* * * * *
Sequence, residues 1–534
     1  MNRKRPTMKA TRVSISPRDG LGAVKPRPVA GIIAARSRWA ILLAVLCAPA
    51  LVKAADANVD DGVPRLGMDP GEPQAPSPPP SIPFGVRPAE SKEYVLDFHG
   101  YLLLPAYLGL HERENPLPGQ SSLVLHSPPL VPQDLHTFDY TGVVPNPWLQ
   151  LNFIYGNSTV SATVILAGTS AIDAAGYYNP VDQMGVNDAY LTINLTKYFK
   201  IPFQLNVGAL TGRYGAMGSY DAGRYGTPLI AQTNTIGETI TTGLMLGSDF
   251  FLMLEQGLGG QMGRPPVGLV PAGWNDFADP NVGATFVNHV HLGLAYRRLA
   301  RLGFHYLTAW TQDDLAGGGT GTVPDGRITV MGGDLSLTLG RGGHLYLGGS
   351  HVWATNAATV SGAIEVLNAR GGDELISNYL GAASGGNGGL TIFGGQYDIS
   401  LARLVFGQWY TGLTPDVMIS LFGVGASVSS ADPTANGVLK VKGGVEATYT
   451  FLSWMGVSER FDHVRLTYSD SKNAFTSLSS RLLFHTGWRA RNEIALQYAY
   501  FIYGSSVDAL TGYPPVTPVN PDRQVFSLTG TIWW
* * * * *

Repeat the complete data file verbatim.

Sequence, residues 1–534
     1  MNRKRPTMKA TRVSISPRDG LGAVKPRPVA GIIAARSRWA ILLAVLCAPA
    51  LVKAADANVD DGVPRLGMDP GEPQAPSPPP SIPFGVRPAE SKEYVLDFHG
   101  YLLLPAYLGL HERENPLPGQ SSLVLHSPPL VPQDLHTFDY TGVVPNPWLQ
   151  LNFIYGNSTV SATVILAGTS AIDAAGYYNP VDQMGVNDAY LTINLTKYFK
   201  IPFQLNVGAL TGRYGAMGSY DAGRYGTPLI AQTNTIGETI TTGLMLGSDF
   251  FLMLEQGLGG QMGRPPVGLV PAGWNDFADP NVGATFVNHV HLGLAYRRLA
   301  RLGFHYLTAW TQDDLAGGGT GTVPDGRITV MGGDLSLTLG RGGHLYLGGS
   351  HVWATNAATV SGAIEVLNAR GGDELISNYL GAASGGNGGL TIFGGQYDIS
   401  LARLVFGQWY TGLTPDVMIS LFGVGASVSS ADPTANGVLK VKGGVEATYT
   451  FLSWMGVSER FDHVRLTYSD SKNAFTSLSS RLLFHTGWRA RNEIALQYAY
   501  FIYGSSVDAL TGYPPVTPVN PDRQVFSLTG TIWW